There’s something fitting about finding Anja Marquardt tucked into the busy Driskill Hotel bar during SXSW, at the center of the throngs of carousing filmmakers and hangers-on but likely to be unnoticed by anyone passing by, even with one of the film’s stars “Homeland”‘s Marc Menchaca at her side. Just as likely, they hadn’t seen her debut “She’s Lost Control” yet.
“I did not want to play it safe with my first feature,” says Marquardt, her voice rising above the din of the crowded room.
In spite of her youth, Marquardt has had a world of experience, growing up in Berlin and settling into homes in Laos and Granada before eventually reaching NYU’s Tisch School of the Arts. It was in New York where she would conceive of “She’s Lost Control,” a stirring character study of a a woman named Ronah (Brooke Bloom), a sex surrogate tasked with nursing often damaged men back to healthy levels of self-esteem, raising the spirits of her clients while limiting her own emotional exposure until she comes across the case of Johnny (Menchaca), a particularly disturbed individual who turns into the riddle she most wants to solve. While Bloom and Menchaca both deliver ferocious turns as the professional veneer of their relationship is stripped away to become dangerously personal, Marquardt shows a steady hand and a sharp eye as the film spies Ronah in psychological freefall, no longer able to keep the emotional disengagement in all aspects of her life that has made it all work up to this point.
Despite the shaken character at its center, “She’s Lost Control” is an unshakeable experience, one that’s bound to launch its core creative team into the limelight, a glare that’s deservedly intensified as the film has made its triumphant bow at this year’s Berlinale, SXSW and at the Film Society of Lincoln Center’s New Directors/New Films, where the film will be coming home this weekend. Before it does, Marquardt and Menchaca spoke about the effort that went into the film’s intricate structure, how casting Bloom at the last minute paid positive dividends and how being a filmmaker is an extension of the writer/director’s early thoughts of being a private investigator.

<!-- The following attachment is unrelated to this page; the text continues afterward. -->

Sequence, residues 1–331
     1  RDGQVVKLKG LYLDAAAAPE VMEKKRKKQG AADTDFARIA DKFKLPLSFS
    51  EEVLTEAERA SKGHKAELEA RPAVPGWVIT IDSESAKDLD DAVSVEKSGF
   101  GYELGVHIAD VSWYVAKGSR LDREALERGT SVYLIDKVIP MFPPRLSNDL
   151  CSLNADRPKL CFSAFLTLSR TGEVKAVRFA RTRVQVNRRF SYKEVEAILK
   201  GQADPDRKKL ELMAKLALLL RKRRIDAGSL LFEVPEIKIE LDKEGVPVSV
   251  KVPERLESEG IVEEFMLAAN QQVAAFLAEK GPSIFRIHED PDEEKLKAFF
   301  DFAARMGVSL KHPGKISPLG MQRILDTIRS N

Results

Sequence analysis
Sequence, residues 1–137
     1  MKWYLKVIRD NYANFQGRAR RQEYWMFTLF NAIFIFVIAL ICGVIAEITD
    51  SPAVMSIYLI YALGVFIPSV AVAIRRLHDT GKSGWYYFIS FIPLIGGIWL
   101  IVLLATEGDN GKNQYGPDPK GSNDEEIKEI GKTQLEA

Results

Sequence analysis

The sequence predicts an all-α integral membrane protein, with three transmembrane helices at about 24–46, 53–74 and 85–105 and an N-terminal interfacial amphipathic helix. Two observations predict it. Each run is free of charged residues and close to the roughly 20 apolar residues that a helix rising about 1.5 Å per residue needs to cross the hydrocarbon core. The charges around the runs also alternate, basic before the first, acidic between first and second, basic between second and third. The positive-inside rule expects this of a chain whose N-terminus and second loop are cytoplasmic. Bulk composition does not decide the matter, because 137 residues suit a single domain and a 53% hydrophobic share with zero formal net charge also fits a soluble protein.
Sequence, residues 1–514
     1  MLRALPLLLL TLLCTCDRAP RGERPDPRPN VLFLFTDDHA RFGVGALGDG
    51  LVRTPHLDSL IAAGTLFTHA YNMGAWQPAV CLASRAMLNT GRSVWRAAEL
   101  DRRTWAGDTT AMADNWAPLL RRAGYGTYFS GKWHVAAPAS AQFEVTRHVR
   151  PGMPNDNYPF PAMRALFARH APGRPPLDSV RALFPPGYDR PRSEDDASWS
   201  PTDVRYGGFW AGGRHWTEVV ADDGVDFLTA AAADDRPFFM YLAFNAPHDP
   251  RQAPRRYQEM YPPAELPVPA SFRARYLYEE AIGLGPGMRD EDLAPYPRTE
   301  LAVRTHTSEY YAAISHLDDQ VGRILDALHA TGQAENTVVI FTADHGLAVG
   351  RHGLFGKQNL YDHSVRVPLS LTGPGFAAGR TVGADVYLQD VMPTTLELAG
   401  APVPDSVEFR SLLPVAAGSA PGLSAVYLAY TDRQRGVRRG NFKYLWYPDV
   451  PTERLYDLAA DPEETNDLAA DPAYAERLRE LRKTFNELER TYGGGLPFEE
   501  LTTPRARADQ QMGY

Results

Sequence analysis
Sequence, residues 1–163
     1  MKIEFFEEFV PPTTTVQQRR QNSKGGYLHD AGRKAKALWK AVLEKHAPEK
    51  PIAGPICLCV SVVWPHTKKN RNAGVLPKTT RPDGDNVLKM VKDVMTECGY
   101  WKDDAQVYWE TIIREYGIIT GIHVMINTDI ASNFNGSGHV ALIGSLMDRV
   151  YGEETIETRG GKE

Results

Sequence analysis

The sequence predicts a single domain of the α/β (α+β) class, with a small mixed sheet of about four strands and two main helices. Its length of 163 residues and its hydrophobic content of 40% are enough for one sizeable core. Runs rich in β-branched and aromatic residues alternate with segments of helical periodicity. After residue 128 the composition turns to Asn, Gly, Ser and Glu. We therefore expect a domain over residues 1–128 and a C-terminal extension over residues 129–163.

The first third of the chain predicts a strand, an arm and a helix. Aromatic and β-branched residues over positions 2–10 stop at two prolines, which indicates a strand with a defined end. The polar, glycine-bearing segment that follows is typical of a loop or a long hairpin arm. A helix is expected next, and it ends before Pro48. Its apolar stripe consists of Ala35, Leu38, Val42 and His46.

Anja Marquardt: I wanted to get something off the ground in the near future, so I wrote the script to be produced for a minimal amount of money and I had heard about the world of surrogate partner therapy. It was very new to me and seemed weird at first, but also [had] a deeply human core to it that I was intrigued by. Then I became really interested in this idea of telling a story about someone who is professionally intimate with people – strangers, essentially – and take that to an extreme within the set up of a therapist who is also having physical interaction with their clients. Our executive producer Oren Moverman came onboard pretty early on and was ready to help make it happen and one thing came after the other from there. It was really a very organic process. We spent a lot of time casting.
Mark, how did you come onboard?
Marc Menchaca: I got a call from a casting director and I had to make a quick trip back to New York over the holidays for a chemistry read. That’s when I first met Anja and I responded to the script right away and…”